Review Summary: On the surface, Slide is a canvas for George Clanton's lucid, atmospheric, and mesmerizing production, but on a more careful inspection provides an interesting commentary on heartbreak and childhood nostalgia.
George Clanton - Slide - 5/5 (10/10)
The summer of 2018 was such a magical time period in terms of music. We had Kids See Ghosts, the one-two knockout punch from Kanye West and Kid Cudi. We had the soulful and introspective Mac Miller album Swimming, as well as the return of MGMT with their indie-synth hybrid Little Dark Age. The one album from this period that trumps them all, though, is George Clanton’s magnum opus, Slide. Clanton’s fear, anxiety, self-doubt, and sincerity are well documented on top of a joyful, atmospheric, and precise production in Slide.
Slide kicks off with the hypnotic house-banger “Livin Loose”, a fantastic and dreamy introduction that perfectly immerses the listener into George’s world. While the listener may be enamored by this spacey, hypnogenic production, George delivers a hauntingly beautiful performance, detailing his attempts to cope with rejection and anxiety. We then transition into “Make it Forever”, a groovy and up-beat track with an interesting double meaning at its core. Here, George chronicles,
“How long can I miss you, I want you to know,
The seconds you leave me, are ticking so slow,
I give up”
On first glance, this synthwave space-ballad seems to be about a long distance relationship, or dealing with heartbreak. However, I interpret it as George leaving behind his childhood and his teen years. The reference to the clock ticking shows that George cannot escape the passing of time, as much as he wants to. This makes a lot of sense as a theme considering the next track is a nostalgic and 90’s inspired grunge inspired track, titled “Tie Me Down”. (George is a self-proclaimed 90’s baby, and this track will sound eerily familiar to those familiar with the music of this era). This track is one of my favorites in terms of production as it is a great example of George’s variety and flexibility. George goes for a grimy, lo-fi type aesthetic here and comments again on missing a piece of himself and being held back from what he really wants (which can be interpreted as both the heartbreak and the youth he yearns for).
After this, we shift into the climax of the record's a-side with the shoegaze-based “Dumb”, and by extension the neon and glimmering interlude “Blast Off”. “Dumb” is a melancholic anthem for the decade that follow’s George’s bitterness, anxiety, and lack of self-esteem haunting him.
“Stuck in a ditch, I left you to die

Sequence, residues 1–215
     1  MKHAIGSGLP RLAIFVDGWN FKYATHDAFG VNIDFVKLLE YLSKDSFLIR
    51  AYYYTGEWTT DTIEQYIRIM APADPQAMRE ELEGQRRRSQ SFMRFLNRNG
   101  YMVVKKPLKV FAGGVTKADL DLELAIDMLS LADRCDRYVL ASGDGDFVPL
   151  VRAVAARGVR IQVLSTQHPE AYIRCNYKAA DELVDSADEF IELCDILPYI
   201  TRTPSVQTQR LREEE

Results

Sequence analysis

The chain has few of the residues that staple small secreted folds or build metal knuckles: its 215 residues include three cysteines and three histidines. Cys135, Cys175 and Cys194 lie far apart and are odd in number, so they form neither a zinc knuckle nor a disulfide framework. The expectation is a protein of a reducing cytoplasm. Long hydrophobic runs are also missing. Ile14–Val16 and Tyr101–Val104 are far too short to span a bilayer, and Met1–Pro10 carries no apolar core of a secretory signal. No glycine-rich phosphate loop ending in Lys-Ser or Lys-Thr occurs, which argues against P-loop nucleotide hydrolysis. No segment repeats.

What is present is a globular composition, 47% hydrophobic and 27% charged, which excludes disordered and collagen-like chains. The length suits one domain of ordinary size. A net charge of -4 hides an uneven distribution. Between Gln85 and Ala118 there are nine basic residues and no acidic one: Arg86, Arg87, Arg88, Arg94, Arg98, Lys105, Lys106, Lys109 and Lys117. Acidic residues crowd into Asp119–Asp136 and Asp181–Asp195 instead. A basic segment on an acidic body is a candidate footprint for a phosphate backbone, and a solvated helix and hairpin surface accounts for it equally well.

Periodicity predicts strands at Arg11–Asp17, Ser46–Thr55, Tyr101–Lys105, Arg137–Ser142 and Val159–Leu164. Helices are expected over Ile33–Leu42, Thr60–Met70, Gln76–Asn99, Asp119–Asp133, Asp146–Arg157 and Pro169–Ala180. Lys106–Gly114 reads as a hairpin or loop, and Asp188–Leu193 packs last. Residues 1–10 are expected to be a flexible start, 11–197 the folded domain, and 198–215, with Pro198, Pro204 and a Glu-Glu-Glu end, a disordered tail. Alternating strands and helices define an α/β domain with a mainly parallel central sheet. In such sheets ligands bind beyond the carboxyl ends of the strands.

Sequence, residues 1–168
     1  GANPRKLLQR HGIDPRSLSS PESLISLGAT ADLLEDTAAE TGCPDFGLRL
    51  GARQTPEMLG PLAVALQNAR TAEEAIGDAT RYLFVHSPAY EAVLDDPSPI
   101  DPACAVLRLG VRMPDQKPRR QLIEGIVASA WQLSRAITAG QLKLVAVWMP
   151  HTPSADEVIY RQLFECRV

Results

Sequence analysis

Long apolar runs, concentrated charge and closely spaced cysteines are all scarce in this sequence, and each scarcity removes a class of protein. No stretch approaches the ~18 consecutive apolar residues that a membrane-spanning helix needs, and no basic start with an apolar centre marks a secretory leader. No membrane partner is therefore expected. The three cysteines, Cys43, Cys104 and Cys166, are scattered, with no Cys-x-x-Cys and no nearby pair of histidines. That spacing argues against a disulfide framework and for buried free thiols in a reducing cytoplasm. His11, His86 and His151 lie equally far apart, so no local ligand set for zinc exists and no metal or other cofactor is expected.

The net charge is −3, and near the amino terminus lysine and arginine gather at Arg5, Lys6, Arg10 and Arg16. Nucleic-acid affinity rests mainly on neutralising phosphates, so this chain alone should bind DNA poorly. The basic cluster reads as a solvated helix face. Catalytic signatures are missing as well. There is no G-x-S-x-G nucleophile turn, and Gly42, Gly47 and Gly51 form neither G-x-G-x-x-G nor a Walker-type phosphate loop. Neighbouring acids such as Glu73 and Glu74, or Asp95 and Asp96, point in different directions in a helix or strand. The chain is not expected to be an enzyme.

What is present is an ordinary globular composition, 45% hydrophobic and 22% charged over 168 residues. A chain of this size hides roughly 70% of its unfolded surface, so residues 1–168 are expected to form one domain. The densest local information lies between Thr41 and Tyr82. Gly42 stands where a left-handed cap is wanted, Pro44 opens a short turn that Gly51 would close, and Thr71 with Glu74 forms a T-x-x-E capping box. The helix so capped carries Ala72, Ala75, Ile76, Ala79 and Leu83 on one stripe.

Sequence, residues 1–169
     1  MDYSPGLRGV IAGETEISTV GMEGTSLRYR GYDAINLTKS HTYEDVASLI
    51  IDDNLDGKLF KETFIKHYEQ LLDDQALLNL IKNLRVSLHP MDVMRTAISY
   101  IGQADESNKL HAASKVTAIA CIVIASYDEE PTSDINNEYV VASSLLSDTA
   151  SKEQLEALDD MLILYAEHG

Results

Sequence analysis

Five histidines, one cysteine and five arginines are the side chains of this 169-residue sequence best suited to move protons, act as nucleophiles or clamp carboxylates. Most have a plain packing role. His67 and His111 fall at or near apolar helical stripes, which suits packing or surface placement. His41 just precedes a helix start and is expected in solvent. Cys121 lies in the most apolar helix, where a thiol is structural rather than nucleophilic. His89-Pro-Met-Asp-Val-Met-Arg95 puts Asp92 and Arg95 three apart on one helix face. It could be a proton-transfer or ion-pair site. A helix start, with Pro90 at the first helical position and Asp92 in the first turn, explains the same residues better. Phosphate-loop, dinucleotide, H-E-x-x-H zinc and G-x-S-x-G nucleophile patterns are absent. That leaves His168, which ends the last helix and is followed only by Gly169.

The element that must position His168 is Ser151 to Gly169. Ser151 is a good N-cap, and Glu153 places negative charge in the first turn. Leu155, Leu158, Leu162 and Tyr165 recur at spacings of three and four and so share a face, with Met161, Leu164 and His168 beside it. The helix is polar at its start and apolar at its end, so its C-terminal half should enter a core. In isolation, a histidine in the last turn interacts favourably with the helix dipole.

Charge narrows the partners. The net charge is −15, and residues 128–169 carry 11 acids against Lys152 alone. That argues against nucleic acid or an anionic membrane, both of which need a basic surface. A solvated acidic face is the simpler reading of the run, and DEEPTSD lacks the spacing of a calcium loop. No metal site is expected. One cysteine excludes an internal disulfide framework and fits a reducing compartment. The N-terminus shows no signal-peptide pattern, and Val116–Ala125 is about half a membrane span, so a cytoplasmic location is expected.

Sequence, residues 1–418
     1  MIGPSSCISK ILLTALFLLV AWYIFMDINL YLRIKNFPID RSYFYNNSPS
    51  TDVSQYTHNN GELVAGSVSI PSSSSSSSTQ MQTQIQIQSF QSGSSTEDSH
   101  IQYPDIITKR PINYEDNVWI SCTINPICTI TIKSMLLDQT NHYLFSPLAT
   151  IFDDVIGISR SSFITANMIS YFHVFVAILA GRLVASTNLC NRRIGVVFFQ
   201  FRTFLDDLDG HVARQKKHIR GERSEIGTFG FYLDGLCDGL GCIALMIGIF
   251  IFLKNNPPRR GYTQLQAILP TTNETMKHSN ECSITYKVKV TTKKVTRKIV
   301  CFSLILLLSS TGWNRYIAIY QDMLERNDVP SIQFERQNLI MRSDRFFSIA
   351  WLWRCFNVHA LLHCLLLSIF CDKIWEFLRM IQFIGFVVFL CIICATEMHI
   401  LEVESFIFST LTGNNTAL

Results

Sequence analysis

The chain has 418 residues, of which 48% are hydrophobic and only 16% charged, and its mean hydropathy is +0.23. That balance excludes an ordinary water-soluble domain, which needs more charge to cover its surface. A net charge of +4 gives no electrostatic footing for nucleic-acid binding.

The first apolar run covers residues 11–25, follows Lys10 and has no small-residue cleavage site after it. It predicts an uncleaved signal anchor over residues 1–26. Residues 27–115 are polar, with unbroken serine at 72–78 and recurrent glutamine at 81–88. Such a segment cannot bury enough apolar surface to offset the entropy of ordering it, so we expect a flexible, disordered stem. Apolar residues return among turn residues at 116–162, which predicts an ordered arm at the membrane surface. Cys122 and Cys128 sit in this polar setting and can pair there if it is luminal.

It’s not leavin if I wasn’t there..."
“I feel dumb, I feel lazy,
I like to dream I’m not the crazy one,
But everything I do is wrong”
Here, George details his desire to find the right way to escape his guilt and depression. This theme of trying to find ways to move on from the past, yet failing, is very prevalent on this record's b-side. The titular track “Slide”, and “Monster” kick off the b-side of this record, but I don’t feel these tracks are true b-sides. “Slide” is a multi-dimensional banger with the Blood Orange drum sample and mesmerizing synths, about George growing up and changing, but being “stuck in love” with his mystery partner (which seems to be his childhood innocence). With “Monster”, George provides some more honesty about wanting to move on from this angst, yet succumbing to his inner demons. George’s paranoia about this situation has caused him to come off as a bipolar monster, and has consequently affected his social and love life. Finally, the album reaches its climax and conclusion with an amazingly paced sequence of tracks. “You Lost Me There”, is an ethereal, oscillating opera that has a relentless and captivating energy. This is one of my favorite tracks, and the audience is fully immersed in a TRON-esque vaporwave landscape. Here, George asks his loved ones "where have you gone", and his past self "where have I gone?", as he tries to reflect on his journey here. “Encore” lends itself perfectly as a haunting, yet beautiful transition between “You Lost Me There”, and the final track, “Walk Slowly”. “Walk Slowly” is a remix of the introduction track “Living Loose”, with a bit of a twist on the lyrics and vocal delivery that indicate George’s realization and disgust at who he has become. Clanton's manic and unsuccessful efforts to go back to the past have ended up ruining his life, as sung here.